While attending seminary, my wife and I rented a tiny apartment in the inner city. In three short years, we witnessed more crime and violence than one might see in a month of TV police shows. Within a block of our home, we saw street fights, guns, prostitution, drug activity, car thefts, stalking and more.
One night, our elderly next door neighbors were dragged out onto their front lawn, beaten and robbed. A man was shot to death on the street a half block from our home. In the parking lot below our living room window, I saw one man hold a gun to another man’s head in broad daylight. Drunks sometimes slept on our front steps. Men repeatedly harassed my wife on the street.
There are some things about living in that neighborhood I will never miss. There are other things, however, that I miss desperately. What I may miss most, is the consistent opportunity to speak with people—even complete strangers—who were willing to talk freely about the miseries of life and the emptiness of their soul. I loved that environment.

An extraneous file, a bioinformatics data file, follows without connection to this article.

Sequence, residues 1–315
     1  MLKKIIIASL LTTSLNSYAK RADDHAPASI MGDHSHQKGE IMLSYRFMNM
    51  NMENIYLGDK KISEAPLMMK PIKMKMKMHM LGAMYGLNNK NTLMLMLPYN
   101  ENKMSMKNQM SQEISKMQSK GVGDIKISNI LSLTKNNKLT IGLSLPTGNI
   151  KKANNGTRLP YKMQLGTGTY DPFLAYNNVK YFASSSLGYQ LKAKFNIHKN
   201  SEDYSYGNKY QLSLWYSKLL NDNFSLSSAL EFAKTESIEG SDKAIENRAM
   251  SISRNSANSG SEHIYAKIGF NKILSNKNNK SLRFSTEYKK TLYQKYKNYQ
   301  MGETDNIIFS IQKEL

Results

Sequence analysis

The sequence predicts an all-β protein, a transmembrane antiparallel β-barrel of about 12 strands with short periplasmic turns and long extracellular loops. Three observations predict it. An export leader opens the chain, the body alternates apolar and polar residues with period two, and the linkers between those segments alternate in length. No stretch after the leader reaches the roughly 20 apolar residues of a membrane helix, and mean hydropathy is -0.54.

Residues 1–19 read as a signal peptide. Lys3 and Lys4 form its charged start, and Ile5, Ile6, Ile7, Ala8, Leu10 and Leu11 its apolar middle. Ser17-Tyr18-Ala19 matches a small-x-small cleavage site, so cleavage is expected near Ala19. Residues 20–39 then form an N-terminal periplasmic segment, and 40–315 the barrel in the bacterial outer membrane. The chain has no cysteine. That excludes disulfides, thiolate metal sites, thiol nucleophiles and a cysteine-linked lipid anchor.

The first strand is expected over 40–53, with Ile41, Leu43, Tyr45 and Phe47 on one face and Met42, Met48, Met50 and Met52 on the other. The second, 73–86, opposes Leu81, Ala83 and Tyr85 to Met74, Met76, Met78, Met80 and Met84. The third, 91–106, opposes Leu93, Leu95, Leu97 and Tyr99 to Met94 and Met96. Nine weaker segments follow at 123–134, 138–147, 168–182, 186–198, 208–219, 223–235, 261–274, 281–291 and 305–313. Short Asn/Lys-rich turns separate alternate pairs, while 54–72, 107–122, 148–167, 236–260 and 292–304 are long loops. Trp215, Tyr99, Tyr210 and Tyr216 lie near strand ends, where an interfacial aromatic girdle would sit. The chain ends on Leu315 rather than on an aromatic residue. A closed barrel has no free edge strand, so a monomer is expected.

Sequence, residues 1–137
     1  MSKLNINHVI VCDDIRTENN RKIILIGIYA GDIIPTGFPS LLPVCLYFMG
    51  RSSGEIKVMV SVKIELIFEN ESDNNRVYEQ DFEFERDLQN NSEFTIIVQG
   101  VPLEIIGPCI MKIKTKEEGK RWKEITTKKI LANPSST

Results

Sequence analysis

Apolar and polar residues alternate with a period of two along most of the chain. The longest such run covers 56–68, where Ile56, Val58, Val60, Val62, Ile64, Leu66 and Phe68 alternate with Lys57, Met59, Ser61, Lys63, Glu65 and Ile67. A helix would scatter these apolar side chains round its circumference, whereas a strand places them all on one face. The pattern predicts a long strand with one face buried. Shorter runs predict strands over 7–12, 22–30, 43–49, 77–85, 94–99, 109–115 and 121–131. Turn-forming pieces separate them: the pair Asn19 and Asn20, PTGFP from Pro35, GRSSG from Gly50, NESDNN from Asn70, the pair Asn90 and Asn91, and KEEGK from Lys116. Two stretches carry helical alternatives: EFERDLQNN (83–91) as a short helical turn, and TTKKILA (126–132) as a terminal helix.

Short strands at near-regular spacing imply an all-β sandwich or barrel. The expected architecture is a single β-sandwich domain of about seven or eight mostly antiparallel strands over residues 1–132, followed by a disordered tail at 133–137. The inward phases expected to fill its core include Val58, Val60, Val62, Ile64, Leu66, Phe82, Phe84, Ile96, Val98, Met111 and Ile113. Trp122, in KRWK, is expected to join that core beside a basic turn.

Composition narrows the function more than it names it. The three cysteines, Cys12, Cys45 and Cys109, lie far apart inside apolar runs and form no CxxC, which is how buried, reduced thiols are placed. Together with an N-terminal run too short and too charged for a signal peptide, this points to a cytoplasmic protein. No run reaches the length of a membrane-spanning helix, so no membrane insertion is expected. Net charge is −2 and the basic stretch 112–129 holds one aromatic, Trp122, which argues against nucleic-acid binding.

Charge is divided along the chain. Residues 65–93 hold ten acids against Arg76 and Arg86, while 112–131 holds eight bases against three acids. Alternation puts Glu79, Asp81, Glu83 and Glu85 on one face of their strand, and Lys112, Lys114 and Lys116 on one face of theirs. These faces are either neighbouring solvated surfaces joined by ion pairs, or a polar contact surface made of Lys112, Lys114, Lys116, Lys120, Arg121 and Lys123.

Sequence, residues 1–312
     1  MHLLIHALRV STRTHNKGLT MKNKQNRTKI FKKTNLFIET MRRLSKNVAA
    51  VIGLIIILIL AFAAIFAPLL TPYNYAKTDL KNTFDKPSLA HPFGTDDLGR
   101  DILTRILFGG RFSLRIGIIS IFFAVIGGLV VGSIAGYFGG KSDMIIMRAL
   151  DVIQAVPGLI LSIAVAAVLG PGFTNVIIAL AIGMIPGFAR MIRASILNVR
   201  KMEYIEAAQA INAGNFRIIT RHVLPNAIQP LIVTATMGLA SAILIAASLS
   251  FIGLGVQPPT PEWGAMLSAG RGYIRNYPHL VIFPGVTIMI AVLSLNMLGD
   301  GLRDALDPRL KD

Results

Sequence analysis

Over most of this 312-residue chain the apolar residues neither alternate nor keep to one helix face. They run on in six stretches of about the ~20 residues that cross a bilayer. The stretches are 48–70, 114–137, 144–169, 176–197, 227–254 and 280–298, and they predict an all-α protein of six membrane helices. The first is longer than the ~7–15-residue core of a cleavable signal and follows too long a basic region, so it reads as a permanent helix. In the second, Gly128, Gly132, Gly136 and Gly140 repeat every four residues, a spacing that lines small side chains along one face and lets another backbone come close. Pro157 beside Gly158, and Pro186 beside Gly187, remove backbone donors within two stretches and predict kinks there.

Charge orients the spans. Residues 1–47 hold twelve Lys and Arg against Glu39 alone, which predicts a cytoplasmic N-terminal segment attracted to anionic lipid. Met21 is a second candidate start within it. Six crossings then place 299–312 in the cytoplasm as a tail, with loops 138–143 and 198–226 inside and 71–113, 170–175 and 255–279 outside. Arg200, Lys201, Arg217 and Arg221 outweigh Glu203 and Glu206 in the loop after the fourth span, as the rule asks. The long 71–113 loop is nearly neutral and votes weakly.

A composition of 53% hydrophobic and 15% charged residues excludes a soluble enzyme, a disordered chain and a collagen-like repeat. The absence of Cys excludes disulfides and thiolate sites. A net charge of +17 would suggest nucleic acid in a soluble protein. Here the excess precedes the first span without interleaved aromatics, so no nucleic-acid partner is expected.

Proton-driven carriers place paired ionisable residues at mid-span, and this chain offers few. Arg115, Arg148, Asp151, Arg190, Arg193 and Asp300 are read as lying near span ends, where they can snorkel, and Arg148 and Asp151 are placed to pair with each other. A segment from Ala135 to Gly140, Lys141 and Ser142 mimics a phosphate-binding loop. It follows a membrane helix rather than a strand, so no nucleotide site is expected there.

It was in this context that I met Darryl. Darryl talked about the inequities and miseries of life as comfortably as suburbanites talk about the weather. With considerable ease he relayed memories of a haunted childhood: divorced parents; a dad who lived down the street but never spoke to him; desperate poverty; cowering in fear under the kitchen table as his gun wielding brothers came home with another take of stolen property.